Minister issues order on land disputes resolution

Friday August 17 2018
Land pic

Manyara regional commissioner Alexander Mnyeti (centre) gestures when speaking with Natural Resources and Tourism deputy minister Japhet Hasunga (right) during the launch of land management implementation in villages bordering conservation areas in the region yesterday. PHOTO | TOURIST MINISTRY OFFICE

Dar es Salaam. Natural Resources and Tourism deputy minister Japhet Hasunga has directed staff at the ministry and other institutions falling under his docket to involve regional and district leaders when resolving disputes between villagers and game reserves.

“All staff of this ministry are not allowed to go to protected areas and try to resolve conflicts involving neighbouring communities without devising clear plans with regional and district leaders,” he said.

The deputy minister made the statement during a meeting held in Manyara Region before welcoming Land, Housing and Human Settlements minister William Lukuvi to launch the implementation of the land management programme in the villages bordering the conservation areas.

The programme is jointly implemented by the Tanzania National Parks (Tanapa) and National Land Use Planning Commission (NLUPC).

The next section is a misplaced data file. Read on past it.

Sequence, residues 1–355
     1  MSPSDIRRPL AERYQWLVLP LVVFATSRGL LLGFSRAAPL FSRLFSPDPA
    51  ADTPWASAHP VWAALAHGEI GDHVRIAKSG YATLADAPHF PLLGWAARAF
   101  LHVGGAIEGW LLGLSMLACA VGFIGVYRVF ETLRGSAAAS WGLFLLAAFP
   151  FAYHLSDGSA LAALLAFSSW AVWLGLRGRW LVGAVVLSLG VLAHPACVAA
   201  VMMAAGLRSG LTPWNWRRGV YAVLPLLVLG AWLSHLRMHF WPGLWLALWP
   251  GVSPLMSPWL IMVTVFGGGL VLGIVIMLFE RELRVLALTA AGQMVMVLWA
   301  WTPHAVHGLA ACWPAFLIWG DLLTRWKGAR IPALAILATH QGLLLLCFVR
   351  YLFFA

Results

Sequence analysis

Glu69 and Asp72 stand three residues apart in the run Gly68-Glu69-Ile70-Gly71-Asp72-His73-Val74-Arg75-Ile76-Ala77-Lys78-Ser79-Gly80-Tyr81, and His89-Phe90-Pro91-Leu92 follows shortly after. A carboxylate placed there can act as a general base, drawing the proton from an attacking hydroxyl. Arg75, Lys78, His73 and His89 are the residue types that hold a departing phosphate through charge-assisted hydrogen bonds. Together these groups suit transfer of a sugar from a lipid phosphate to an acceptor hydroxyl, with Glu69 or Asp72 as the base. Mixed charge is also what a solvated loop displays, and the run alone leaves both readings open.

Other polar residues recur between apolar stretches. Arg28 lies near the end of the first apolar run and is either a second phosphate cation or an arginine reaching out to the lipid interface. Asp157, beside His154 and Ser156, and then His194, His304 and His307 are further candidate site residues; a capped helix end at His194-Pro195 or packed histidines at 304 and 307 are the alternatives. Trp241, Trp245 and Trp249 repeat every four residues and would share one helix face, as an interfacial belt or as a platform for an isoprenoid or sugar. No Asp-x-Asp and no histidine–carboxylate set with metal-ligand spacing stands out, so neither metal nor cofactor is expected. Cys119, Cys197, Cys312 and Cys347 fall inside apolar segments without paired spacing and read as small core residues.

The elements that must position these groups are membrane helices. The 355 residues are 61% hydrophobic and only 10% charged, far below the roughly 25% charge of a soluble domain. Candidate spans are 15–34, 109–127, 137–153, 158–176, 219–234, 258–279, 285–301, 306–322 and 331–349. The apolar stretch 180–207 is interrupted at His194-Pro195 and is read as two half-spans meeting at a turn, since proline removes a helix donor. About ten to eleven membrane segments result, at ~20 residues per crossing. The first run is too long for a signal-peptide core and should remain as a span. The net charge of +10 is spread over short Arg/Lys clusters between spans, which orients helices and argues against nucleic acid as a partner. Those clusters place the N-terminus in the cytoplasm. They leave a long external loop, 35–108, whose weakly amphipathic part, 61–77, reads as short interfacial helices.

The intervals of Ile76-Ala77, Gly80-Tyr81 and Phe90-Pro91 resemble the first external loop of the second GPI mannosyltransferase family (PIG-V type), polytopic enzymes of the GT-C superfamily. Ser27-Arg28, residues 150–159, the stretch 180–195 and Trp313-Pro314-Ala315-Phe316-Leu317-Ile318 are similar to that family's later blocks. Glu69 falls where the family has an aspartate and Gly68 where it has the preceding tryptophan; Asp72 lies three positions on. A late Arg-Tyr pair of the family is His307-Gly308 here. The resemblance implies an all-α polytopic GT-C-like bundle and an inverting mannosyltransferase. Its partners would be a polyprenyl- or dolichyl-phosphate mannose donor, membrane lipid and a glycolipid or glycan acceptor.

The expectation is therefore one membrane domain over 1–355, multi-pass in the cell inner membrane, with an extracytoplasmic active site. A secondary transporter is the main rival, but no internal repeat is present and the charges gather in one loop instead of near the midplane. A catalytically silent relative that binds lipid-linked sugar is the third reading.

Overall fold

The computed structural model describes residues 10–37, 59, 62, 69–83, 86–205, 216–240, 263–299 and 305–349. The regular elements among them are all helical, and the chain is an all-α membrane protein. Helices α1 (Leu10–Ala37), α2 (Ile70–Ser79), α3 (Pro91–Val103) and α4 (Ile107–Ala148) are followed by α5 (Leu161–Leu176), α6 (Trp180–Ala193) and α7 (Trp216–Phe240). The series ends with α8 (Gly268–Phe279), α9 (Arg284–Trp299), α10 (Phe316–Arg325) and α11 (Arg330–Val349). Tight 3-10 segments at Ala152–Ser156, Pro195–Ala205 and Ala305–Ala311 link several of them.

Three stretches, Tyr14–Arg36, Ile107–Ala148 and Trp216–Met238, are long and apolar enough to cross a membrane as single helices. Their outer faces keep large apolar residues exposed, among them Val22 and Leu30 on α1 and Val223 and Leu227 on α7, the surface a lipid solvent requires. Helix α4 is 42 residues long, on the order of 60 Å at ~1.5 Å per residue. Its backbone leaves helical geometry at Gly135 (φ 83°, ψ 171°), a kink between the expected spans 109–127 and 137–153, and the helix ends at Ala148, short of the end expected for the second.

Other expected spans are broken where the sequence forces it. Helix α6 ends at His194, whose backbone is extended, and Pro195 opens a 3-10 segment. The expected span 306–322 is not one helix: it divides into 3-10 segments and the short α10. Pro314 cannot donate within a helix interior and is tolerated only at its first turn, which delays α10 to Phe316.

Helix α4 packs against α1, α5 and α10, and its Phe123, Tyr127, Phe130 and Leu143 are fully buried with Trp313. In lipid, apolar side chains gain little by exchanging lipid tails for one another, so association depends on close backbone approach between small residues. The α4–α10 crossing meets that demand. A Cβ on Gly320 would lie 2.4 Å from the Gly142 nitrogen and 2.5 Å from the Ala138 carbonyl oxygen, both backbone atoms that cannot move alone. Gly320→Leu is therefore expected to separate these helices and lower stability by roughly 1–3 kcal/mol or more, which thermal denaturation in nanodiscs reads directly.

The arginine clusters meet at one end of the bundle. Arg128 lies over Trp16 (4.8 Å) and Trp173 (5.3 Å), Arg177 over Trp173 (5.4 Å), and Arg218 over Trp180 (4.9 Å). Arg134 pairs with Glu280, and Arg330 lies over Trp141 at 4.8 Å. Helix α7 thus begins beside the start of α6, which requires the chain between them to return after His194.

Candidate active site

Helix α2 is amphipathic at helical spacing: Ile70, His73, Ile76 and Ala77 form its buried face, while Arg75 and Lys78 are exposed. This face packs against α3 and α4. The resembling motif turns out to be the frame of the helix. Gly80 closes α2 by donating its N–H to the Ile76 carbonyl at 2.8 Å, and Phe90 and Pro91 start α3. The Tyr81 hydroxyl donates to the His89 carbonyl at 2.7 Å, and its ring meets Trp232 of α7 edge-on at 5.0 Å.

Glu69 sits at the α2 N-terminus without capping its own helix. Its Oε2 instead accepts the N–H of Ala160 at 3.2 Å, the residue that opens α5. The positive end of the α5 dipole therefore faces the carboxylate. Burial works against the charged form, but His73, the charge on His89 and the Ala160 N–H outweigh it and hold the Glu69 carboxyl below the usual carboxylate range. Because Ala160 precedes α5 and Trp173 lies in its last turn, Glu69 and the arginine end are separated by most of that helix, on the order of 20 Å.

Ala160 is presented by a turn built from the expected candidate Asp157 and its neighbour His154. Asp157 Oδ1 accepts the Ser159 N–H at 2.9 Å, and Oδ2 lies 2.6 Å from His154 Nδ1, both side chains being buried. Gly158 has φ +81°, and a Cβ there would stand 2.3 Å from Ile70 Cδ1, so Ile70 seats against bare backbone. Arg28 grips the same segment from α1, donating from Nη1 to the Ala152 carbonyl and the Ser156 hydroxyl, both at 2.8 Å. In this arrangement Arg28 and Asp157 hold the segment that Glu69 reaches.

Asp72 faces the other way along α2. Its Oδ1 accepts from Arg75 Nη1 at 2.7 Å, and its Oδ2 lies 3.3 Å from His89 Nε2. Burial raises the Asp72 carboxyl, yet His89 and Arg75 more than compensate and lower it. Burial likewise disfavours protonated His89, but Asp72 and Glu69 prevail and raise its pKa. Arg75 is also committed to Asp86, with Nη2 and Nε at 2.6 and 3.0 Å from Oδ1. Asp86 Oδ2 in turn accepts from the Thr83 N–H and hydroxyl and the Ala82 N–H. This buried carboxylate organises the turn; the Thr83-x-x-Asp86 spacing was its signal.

According to Mr Hasunga, the programme, which aims at resolving land conflicts, will be implemented in Manyara, Dodoma, Mara, Arusha and Simiyu regions whose several villages border the protected areas.

Mr Hasunga named the regions that will benefit from the programme in the first phase as Manyara, Arusha and Mara. Combined, the regions have a total of 95 villages out of 392 that border the protected areas.


For his part, Mr Lukuvi said the land use planning move was important in ending the land disputes between the villagers and conservation areas authorities.

He said the ministry of Natural Resources and Tourism had done well to involve his ministry because in the past it was rocked by endless because of lack of clear demarcations.

The representative of the Tanapa director general, Mr Martin Leibook, explained that the launch of the new programmme would help end protracted land conflicts between conservationists and surrounding communities.